Could anyone help me how to solve this indefinite integral?

$$\int{\mathrm dx\over \sqrt{\sin^3 x+\sin (x+\alpha)}}$$

  • 1
    $\begingroup$ Any ideas on your own? Where did you come up with it? Have you solved something similar? Do you expect there to be a in some sense nice solution? $\endgroup$
    – mickep
    Sep 6, 2015 at 18:19
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    $\begingroup$ Even for $\alpha = 0$ the solution seems to be not so pretty: wolframalpha.com/input/?i=int+1%2Fsqrt(sin%5E3+x%2Bsin+(x)) $\endgroup$
    – Alex Silva
    Jan 10, 2017 at 16:34
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    $\begingroup$ @AlexSilva this is REALLY ugly ^^ $\endgroup$
    – tired
    Jan 10, 2017 at 16:55
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    $\begingroup$ @AlexSilva. Using another CAS, it "look" nicer $$-\frac{\sqrt{2} \cot (x) \sqrt{\cot ^2(x)+2} F_1\left(\frac{1}{2};\frac{1}{4},\frac{1}{2};\frac{3}{2};-\cot ^2(x),-\frac{1}{2} \cot ^2(x)\right)}{\sqrt{7 \sin (x)-\sin (3 x)} \csc ^2(x)^{3/4}}$$ where appears the Appell hypergeometric function of two variables. $\endgroup$ May 22, 2018 at 8:11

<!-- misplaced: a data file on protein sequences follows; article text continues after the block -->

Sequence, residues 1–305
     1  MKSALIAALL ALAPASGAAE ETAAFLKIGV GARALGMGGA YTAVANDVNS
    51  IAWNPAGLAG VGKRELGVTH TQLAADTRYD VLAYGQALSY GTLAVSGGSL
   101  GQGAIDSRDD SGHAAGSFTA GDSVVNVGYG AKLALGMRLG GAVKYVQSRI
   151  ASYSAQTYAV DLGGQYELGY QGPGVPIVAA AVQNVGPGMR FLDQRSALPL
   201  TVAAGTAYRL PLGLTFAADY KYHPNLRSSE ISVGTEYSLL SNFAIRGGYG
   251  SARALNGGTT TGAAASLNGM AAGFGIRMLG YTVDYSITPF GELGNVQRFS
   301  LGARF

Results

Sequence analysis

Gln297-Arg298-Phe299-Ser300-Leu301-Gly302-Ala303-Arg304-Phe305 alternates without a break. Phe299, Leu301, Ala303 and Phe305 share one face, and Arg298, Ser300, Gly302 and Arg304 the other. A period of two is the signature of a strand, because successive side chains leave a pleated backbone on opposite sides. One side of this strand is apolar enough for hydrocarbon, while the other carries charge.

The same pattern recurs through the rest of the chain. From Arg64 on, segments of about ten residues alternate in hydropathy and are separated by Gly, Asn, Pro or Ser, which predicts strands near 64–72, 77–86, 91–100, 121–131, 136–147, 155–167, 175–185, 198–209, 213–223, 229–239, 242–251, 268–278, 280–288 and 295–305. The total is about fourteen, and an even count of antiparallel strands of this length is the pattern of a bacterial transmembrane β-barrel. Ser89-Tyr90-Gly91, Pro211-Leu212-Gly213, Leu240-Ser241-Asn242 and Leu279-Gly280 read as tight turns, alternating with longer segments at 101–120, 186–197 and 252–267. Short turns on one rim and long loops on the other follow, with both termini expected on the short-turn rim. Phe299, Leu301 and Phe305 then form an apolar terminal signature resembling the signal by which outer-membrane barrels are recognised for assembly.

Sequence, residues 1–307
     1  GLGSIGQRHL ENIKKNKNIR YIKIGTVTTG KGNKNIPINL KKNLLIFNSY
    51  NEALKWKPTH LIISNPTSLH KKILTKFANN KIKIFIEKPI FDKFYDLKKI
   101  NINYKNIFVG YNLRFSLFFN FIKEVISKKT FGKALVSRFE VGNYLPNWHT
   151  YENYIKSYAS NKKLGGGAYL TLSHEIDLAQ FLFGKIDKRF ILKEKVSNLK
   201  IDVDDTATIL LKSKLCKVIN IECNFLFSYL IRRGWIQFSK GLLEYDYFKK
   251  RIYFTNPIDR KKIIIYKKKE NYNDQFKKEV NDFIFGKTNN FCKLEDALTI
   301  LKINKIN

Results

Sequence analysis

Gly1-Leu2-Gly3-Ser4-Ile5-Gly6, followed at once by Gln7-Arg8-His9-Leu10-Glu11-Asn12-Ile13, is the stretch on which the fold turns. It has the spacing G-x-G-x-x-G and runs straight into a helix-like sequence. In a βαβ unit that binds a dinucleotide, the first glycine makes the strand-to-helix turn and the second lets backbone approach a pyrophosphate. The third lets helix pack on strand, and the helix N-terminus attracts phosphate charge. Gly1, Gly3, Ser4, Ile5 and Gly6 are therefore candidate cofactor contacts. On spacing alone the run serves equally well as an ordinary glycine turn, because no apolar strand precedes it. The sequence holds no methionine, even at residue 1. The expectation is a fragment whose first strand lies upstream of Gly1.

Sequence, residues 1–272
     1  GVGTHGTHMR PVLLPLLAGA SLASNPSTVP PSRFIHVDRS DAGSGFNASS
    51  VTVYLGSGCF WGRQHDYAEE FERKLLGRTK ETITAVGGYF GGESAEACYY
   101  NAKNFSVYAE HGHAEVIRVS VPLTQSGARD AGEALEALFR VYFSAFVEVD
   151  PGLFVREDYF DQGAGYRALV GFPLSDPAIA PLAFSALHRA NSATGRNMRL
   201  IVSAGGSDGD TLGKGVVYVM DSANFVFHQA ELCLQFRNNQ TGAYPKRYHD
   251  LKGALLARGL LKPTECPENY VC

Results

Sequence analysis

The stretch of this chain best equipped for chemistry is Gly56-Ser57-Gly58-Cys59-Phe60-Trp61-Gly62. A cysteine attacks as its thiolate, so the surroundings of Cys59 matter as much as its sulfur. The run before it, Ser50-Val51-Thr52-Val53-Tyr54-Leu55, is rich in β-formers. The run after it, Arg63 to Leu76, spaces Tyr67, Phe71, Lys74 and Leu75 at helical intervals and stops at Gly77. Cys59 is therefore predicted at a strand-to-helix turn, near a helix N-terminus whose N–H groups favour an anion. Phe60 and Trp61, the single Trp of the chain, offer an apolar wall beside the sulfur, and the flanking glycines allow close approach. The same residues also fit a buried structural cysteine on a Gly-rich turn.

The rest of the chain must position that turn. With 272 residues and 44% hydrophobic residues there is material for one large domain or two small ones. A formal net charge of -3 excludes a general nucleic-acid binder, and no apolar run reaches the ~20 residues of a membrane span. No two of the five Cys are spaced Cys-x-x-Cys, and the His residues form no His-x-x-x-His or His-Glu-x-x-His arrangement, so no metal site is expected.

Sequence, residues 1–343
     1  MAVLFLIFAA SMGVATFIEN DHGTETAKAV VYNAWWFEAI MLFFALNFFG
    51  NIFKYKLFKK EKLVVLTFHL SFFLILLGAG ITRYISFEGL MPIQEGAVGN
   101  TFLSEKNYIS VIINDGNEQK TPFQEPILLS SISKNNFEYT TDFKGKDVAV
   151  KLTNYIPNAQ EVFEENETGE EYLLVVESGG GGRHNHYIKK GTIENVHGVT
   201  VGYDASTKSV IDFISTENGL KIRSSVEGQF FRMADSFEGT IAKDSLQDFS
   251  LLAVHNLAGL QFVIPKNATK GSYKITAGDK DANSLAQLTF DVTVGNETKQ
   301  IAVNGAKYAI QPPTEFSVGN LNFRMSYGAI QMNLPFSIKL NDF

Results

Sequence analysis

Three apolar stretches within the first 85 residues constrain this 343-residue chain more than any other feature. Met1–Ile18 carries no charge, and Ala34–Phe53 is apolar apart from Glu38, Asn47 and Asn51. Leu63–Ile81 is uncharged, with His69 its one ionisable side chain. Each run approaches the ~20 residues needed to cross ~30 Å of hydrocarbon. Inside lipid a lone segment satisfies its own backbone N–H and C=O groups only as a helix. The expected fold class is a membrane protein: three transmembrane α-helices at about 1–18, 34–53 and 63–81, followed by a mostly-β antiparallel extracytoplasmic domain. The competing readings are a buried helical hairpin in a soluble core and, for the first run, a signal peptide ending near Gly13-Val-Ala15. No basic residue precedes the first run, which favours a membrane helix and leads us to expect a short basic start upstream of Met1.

1 Answer 1


Firstly let us find the anti-derivative in case $\alpha=0$. This is pretty straightforward: \begin{eqnarray} \int\frac{dx}{\sqrt{\sin(x)^3+\sin(x)}}&\underbrace{=}_{y=\sin(x)}&\int\frac{dy}{\sqrt{1-y^2} \sqrt{y} \sqrt{1+y^2}}\\ &\underbrace{=}_{z=y^4}& \frac{1}{4} \int z^{-7/8} (1-z)^{-1/2} dz\\ &=& \frac{1}{4} B_{[\sin(x)]^4}(\frac{1}{8},\frac{1}{2}) \end{eqnarray} where $B_{.}(,)$ is the incomplete beta function.

Now let us compute the derivative at $\alpha=0$. We have: \begin{eqnarray} -\frac{1}{2} \int \frac{\cos(x)}{(\sin(x)^3+\sin(x))^{3/2}}dx&\underbrace{=}_{y=\sin(x)}&-\frac{1}{2} \int\frac{d y}{(y^3+y)^{3/2}}\\ &\underbrace{=}_{u=-y^2}&\frac{(-1)^{3/4}}{4} B_{-\sin(x)^2}(-\frac{1}{4},-\frac{1}{2}) \end{eqnarray}

Therefore we have: \begin{eqnarray} \int \frac{dx}{\sqrt{\sin(x)^3+\sin(x+\alpha)}} =\frac{1}{4} B_{[\sin(x)]^4}(\frac{1}{8},\frac{1}{2})+ \alpha \frac{(-1)^{3/4}}{4} B_{-\sin(x)^2}(-\frac{1}{4},-\frac{1}{2})+O(\alpha^2) \end{eqnarray}


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